Rethinking Masculinity: What Should It Look Like?

Adam Polánek gives us a damning and informative look at toxic masculinity. He calls for an ‘unlearning’ of traditional male stereotypes in order to accept a healthier ‘multiple masculinity’ view of our sex and gender.


If there’s one issue people across the political spectrum can generally agree on, it’s that ‘traditional’ masculinity is in a crisis. In the wake of the #MeToo movement, and with the majority of suicides globally being male, it’s clear that the ideal of manliness we’ve been cultivating for decades is unhealthy and unsustainable, to say the least.

What’s less clear, however, is the best alternative - some see today’s men as too fragile, others as too toxic. To make the case for either would be a hasty simplification - there’s no ‘average man’ the same way there isn’t an ‘average bisexual’ or an ‘average atheist’. Still, there seem to exist behavioural patterns many men share, and those need to be scrutinised. Speaking from personal experience and that of others, I will attempt to describe the defining traits of contemporary masculinity and what we can do to move beyond today’s essentialist conception of manliness.

I believe most problems concerning gender arise from the fact that we think of masculinity as an avoidance of femininity. Men are raised to be what women stereotypically ‘aren’t’, and distance themselves from being what women ‘are’. That’s why boys are generally discouraged from hosting tea parties, wearing skirts, or taking up figure skating. Over time, boys come to internalise this gender coding. In my case, to compensate for my ‘unmanly’ love of ballroom dancing, I asked my grandad to teach me how to shoot a rifle and split firewood.

Such a conscious performance of gender sounds comical, but this affirmation of being male by distancing from the ‘feminine’ - whatever that means - impacts subconscious behaviour too. If you have ever asked yourself why a man you know to be nice one-on-one becomes insufferable in a group of men, it’s for this very reason. Manliness in social settings tends to be a kind of ritual - every member of that group of men is, however subconsciously, trying to prove that he, too, is loud, brazen, overly assertive - everything women are stereotypically thought not to be.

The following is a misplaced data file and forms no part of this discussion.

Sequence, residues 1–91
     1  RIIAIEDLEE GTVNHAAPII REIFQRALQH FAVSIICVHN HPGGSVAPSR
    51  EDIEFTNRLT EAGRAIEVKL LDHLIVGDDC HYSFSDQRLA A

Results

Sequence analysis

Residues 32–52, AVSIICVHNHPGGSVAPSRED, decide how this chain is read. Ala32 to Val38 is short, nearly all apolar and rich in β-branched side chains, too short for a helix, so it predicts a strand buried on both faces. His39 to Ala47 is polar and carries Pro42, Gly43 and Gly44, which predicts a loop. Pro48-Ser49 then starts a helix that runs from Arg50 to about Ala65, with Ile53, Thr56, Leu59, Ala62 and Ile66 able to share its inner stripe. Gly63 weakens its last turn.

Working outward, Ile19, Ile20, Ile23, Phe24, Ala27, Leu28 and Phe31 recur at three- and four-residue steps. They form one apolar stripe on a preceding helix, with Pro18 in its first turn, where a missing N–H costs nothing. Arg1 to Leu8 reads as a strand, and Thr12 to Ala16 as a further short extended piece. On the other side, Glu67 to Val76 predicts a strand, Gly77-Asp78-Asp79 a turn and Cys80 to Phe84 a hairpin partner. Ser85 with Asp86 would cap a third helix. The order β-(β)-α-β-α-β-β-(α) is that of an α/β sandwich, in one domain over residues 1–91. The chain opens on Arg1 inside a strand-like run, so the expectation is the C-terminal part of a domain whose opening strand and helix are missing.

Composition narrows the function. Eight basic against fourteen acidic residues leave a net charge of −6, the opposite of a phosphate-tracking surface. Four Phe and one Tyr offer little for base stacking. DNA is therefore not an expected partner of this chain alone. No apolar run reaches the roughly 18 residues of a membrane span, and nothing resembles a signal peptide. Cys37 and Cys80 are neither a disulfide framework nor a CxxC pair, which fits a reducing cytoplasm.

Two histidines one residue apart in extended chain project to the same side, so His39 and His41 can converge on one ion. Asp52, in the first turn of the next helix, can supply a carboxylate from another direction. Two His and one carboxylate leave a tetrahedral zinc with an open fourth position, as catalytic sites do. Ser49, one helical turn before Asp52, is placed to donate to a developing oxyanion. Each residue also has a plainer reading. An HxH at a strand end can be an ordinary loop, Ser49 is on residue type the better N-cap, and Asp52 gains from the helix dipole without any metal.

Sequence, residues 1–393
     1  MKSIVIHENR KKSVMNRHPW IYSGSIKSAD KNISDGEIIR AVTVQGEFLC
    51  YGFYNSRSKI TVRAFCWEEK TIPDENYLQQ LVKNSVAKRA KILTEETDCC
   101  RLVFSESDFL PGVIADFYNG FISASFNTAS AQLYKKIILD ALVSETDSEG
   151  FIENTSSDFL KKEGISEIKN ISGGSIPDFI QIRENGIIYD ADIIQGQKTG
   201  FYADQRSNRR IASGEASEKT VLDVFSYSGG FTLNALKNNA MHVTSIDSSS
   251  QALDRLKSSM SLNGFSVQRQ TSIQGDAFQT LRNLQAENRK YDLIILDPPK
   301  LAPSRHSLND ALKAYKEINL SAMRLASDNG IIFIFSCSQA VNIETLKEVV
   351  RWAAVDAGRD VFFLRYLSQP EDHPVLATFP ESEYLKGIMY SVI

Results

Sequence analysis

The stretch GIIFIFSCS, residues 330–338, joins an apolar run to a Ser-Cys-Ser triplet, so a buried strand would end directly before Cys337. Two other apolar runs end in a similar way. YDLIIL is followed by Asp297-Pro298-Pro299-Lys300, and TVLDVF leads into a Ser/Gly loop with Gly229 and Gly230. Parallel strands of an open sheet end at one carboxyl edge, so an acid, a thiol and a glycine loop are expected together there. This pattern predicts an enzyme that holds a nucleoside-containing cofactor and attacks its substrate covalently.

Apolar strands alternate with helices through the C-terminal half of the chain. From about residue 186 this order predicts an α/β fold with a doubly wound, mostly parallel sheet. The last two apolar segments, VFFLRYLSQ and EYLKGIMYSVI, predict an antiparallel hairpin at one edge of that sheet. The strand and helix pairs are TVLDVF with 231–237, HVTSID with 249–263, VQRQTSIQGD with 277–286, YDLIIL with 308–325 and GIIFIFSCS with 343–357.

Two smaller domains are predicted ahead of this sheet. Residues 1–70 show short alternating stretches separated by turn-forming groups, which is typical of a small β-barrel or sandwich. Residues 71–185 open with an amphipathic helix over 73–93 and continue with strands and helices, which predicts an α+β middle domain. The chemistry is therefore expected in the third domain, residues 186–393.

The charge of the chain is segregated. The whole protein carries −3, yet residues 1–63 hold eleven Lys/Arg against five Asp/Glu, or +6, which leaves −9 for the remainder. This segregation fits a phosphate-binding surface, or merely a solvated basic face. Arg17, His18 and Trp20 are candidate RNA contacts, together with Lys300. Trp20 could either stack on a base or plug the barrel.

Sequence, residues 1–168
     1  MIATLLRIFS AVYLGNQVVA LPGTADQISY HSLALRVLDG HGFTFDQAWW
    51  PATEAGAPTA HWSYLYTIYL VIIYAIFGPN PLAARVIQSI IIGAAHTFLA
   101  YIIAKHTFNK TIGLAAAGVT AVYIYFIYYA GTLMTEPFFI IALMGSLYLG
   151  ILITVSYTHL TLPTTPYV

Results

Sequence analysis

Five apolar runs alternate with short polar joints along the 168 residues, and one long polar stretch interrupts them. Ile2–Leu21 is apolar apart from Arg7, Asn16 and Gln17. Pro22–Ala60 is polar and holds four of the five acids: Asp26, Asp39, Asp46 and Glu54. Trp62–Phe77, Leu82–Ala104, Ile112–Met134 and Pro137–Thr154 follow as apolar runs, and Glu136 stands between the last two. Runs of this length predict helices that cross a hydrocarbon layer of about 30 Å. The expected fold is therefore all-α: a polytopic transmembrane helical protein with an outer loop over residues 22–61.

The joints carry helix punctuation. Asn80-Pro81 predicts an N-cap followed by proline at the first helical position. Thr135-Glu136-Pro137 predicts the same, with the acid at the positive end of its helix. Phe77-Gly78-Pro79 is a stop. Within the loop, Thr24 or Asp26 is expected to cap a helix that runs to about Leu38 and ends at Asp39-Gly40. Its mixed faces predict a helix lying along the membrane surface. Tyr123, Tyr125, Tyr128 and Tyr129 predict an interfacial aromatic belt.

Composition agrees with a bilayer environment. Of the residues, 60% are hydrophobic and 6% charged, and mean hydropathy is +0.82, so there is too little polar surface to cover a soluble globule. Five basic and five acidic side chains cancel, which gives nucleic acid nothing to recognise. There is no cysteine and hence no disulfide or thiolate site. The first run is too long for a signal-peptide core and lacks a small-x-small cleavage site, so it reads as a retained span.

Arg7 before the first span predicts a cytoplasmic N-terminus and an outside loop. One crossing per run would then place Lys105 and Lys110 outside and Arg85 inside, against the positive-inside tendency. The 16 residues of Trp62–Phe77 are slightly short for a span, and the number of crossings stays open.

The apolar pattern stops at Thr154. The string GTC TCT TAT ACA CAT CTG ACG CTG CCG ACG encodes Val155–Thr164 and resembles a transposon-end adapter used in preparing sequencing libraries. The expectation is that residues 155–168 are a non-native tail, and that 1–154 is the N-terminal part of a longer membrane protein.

Possibly the most insidious implication of the point I am making arises from the way in which we assign character traits to gender. Since characteristics like ‘compassionate', or ‘caring' are traditionally considered feminine, men often shy away from developing those traits as to not appear, or feel, emasculated. In turn, men are denying themselves the mechanisms necessary to grapple with, among other things, mental illnesses. Forming habits and behaviour as a rejection of womanhood - or rather, a misconception of womanhood - we are harming others and we are harming ourselves.

These constricting gender classifications (women like X and do X, men like Y and do Y) came into being through an interplay of media portrayal, historically imposed power structures, and a romantic idea of the male and female principles - the ‘union of opposites'. However, it's becoming increasingly clear that gender essentialism is not allowing us to be our best selves. It took me years to realise feeling vulnerable does not make me less of a man in the same way being ambitious does not make one less of a woman.

Of course, there are indisputable biological differences between men and women, but these must not be weaponized to perpetuate or excuse inequalities and violence. Contrary to the right-wing media fuelled narrative, almost nobody actually advocates for a ‘post-gender' society where gender doesn't exist and people are indistinguishable from one another. The desirable outcome is a society where one can define their individual gender identity and lead a life free from oppression.

We need a radical unlearning of what it is to be a man, to move beyond a single acceptable masculinity towards multiple masculinities -  the kinds that encourage mental wellbeing, that are unafraid of being tender, and that allow us to do ‘unmanly' things without feeling shame. Because looking around, it's apparent that the ‘boys will be boys' attitude has failed just about everyone.